- Green tea
Flavonoids and polyphenols, including those found in green tea, are considered to have free radical-neutralizing and cancer-fighting properties. Boost your body’s natural ability to bounce back from stress, illness, and fatigue by drinking 2–4 cups of authentic green tea every day – and enjoy the skin-protective benefits, too!
- Antioxidant-rich fruits and veggies
Squinting and frowning increase deep furrows and wrinkles on the face. So stop squinting and prevent the onset of blindness and cataracts by eating more dark-colored fruits and vegetables. Several studies report that consuming antioxidant-rich foods (such as dark berries, cherries, spinach, etc) is associated with a decreased risk for cataracts. Vitamins E, C, and the B vitamins niacin and riboflavin (vitamin B2) may protect against cataracts, too. Carotenoids, especially lutein (found in egg yolks and bright yellow vegetables) and zeaxanthin (found in dark green, leafy vegetables), may also help prevent macular degeneration, the most common cause of irreversible blindness in the elderly. Vitamin E has been shown to counteract these conditions that often lead to blindness.
- Extra virgin olive oil
This monounsaturated fat has proven benefits for lowering bad cholesterol and even slowing the progression of some tumors, but it also has the ability to provide a healthy glow to our skin. Extra virgin olive oil, produced by pressing olives without the use of heat or chemical treatments, contains phytochemicals that are otherwise lost in the refining process. According to the FDA, you may reduce your risk of heart disease by consuming about 2 tablespoons of olive oil a day. And rather than simply adding more olive oil to your diet, it is best to substitute olive oil for saturated fats you would otherwise have.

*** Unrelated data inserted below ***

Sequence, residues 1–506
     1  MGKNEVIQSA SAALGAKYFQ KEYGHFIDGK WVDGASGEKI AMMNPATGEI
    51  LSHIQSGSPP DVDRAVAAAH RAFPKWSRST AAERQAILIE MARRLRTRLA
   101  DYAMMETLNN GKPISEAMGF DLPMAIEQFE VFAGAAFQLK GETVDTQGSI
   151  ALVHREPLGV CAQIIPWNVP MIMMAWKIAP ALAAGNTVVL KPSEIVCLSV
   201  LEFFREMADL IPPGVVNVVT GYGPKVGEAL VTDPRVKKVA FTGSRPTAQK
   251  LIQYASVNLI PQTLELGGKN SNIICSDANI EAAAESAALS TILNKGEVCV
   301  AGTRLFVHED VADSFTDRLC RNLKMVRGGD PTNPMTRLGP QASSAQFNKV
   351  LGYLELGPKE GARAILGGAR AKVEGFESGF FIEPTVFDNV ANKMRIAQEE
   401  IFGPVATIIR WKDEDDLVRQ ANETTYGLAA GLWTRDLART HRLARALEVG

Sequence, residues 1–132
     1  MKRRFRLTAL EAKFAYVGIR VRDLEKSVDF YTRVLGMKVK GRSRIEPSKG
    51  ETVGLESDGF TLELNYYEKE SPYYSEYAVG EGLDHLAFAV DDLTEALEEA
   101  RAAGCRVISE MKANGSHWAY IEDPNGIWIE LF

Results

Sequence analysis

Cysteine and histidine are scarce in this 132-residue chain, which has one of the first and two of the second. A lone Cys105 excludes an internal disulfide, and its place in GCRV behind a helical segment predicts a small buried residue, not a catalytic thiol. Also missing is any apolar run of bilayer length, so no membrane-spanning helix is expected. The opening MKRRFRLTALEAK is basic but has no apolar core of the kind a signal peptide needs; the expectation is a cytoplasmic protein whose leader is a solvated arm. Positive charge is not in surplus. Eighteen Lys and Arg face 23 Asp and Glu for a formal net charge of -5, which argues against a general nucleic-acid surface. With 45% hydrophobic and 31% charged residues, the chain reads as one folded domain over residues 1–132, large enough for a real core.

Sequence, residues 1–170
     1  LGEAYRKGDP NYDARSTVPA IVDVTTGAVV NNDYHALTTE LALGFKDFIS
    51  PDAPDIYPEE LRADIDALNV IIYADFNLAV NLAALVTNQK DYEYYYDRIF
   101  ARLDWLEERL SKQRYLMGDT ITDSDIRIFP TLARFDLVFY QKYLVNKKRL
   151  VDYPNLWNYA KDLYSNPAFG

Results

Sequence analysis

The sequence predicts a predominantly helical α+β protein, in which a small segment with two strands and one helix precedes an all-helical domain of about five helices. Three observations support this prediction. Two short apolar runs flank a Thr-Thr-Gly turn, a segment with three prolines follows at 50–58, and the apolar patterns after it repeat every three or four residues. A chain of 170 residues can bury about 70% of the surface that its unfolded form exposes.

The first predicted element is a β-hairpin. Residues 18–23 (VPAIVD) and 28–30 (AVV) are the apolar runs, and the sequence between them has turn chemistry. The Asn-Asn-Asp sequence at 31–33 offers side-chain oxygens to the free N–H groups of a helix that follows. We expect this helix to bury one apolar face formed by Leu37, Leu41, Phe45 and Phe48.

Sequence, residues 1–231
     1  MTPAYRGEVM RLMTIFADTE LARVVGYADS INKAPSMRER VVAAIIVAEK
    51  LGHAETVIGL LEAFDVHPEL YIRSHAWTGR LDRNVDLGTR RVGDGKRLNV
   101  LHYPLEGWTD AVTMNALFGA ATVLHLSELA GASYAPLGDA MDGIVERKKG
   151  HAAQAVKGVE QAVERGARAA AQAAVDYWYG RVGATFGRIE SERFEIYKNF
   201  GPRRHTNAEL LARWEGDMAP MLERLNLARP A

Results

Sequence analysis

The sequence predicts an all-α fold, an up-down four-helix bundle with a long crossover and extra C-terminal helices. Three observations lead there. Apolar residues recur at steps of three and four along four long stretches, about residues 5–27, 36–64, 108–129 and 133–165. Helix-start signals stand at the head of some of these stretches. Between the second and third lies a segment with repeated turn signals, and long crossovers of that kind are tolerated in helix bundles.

- Natural sweeteners – stevia and sucralose
Very few of us can totally abstain from adding a little sugar to sweeten coffee, tea, or baked goods. But basic table sugar is a pro-inflammatory, age-accelerating molecule! The higher the sugar content of our diets – whether from processed foods, soda, or the sugar we add to drinks – the more AGEs, or advanced glycation end products, we make. AGEs accumulate during the normal course of aging and at an accelerated rate during the course of diabetes and high blood sugar states. AGEs play a role in the development of several other chronic diseases, such as Alzheimer's, arthritis, atherosclerosis, and kidney failure. AGE formation changes the chemical and biological properties of proteins inside and outside of the cell, which leads to cellular dysfunction and cell death.
So if you want your skin to be smooth and wrinkle-free for many years to come, limit your use of table sugar and opt for stevia (a root) or sucralose (a zero-calorie real sugar), which do not add inches to your waistline, either. Although some claim they do not taste exactly like table sugar (glucose), studies show that your taste buds can adjust over time. Some find that only one or the other is best for them – a difference explained by your brain’s hardwiring.